There were several races of the first modern men in Asia who appear to have been unable to make much progress in the art of living. Some of these migrated to Australia and Tasmania, where they have lived, until historic times, without any appreciable change. Others probably passed into Africa and settled down to a life which was little more advanced. Survivors of some of these early settlers still live in desert regions, such as the Kalahari, and the thicker forests, such as those of the Congo. Others, again, travelled to Alaska over a land bridge which blocked the present Behring Straits but has now disappeared. We feel sure of this because they settled at first at one place near Fairbanks, in Alaska, where they left behind stone tools exactly like those which they previously made and used when they dwelt in the Gobi Desert of Asia. From Alaska they eventually spread over the greater part of the American Continent, where they continued to live the wild life as hunters until they were disturbed [108] in historic times by invaders, chiefly from Europe. these peoples, as well as the emigrants to the remote Pacific Islands, including New Zealand, remained in unprogressive isolation, while civilization continued to advance in Europe.



We know from geology that the present world of life is the outcome of a long series of Nature's experiments which have lasted over millions of years. The plants and animals with which we are familiar in the world of to-day were, indeed, not created all at once, but came into being group after group, one after another. They are the successful descendants of a multitude of plants and animals which were good enough for their day, but were not suited to be more than temporary stages in the progress of life. At first, living things were restricted to the waters of the earth–the shallow seas, lagoons, lakes, and rivers–and it was only later that some of them began to leave the water and become adapted for existing in air. The whole world was henceforth soon occupied by living things which gradually suited themselves to the varied new conditions open to them.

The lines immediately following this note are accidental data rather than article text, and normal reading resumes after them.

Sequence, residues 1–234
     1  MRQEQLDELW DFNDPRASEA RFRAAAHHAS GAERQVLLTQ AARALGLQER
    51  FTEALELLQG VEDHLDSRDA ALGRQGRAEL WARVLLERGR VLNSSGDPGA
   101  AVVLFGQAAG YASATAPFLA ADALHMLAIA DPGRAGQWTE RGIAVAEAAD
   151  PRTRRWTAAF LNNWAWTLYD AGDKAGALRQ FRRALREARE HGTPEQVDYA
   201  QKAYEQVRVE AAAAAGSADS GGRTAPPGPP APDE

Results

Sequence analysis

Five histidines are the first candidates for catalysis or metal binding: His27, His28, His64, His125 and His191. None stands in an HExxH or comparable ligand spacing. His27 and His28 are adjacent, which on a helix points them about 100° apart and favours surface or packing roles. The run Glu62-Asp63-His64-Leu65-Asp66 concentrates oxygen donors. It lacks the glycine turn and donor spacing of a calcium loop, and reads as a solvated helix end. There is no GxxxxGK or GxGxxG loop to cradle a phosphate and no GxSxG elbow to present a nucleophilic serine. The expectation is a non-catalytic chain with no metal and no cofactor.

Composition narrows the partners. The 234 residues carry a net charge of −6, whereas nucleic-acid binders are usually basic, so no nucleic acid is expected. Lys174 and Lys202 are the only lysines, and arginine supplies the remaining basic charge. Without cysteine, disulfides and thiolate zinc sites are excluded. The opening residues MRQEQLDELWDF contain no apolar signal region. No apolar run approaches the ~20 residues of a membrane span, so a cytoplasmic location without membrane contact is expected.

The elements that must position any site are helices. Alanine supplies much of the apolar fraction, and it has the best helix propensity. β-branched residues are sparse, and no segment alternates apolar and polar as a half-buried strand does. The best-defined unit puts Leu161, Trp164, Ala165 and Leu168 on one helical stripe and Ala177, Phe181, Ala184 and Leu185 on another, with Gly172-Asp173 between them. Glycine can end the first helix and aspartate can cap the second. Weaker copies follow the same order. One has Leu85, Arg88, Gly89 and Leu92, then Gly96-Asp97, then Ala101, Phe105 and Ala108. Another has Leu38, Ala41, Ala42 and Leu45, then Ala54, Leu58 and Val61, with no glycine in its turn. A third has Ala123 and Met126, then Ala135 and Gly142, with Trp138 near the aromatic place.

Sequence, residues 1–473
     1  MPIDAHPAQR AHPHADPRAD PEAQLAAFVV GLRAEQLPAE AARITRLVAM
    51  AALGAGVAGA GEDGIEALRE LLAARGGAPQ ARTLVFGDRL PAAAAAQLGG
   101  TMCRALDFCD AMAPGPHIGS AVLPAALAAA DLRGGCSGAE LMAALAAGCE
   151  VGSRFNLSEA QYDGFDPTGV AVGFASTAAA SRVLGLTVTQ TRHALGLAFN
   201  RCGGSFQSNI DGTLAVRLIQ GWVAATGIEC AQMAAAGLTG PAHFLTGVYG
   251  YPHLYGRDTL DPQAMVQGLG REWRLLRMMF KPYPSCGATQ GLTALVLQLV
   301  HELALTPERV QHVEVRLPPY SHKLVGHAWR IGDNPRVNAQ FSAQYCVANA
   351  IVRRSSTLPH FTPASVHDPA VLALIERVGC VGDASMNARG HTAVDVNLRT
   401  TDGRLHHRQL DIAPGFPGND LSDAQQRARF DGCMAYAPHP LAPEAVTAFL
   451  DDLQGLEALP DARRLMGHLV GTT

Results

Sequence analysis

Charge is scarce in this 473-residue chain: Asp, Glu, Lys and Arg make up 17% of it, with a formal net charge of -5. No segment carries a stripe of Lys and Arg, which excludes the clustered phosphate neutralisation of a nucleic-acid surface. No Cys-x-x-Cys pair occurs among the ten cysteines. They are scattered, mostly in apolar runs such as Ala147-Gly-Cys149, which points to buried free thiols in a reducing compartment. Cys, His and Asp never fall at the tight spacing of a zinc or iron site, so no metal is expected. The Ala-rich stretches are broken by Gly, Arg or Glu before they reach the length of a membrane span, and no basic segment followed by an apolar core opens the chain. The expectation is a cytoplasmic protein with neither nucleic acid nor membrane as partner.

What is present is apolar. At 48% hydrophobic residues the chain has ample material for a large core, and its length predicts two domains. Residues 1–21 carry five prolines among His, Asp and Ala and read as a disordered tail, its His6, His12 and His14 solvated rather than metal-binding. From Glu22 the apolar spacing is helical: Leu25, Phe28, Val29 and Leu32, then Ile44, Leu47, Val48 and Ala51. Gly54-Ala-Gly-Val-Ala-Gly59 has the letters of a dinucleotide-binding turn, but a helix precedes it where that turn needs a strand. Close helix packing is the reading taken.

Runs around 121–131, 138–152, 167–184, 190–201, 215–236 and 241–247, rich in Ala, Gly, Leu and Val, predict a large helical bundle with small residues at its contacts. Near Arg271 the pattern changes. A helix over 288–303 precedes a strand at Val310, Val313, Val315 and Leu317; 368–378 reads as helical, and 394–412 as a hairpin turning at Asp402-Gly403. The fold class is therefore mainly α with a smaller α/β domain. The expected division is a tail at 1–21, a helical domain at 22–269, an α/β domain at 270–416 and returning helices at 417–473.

When four-footed backboned animals first began to live on land, they were cold-blooded like the fishes from which they had sprung. Although they breathed air by lungs, they still began life in water, breathing by gills, as do tadpoles to-day. They were, in fact, very similar to the newts and salamanders which now take their place. They could live only in the neighbourhood of water, but they were obviously placed in favourable circumstances, for they spread all over the world, from the Arctic regions, in the north, to Australia in the south. As in their fish-ancestors, the teeth in [110] most of them had a very complicated structure showing, when cut across, a compact mass of folds of tooth substance arranged rather like the convolutions seen on the surface of the human brain. They are therefore named Labyrinthodonts (labyrinth-toothed). For long geological periods they were the only backboned animals on land; but they never did more than crawl about in a shuffling way, and their simple five-toed legs never changed except by the occasional loss of one toe on the front foot. They fed on little soft-bodied animals and fishes, and do not seem to have varied their diet by eating plants. Both in the water and on the land there were creatures like worms snails, scorpions, and wood-lice, and on the land there were also insects, notably cockroaches.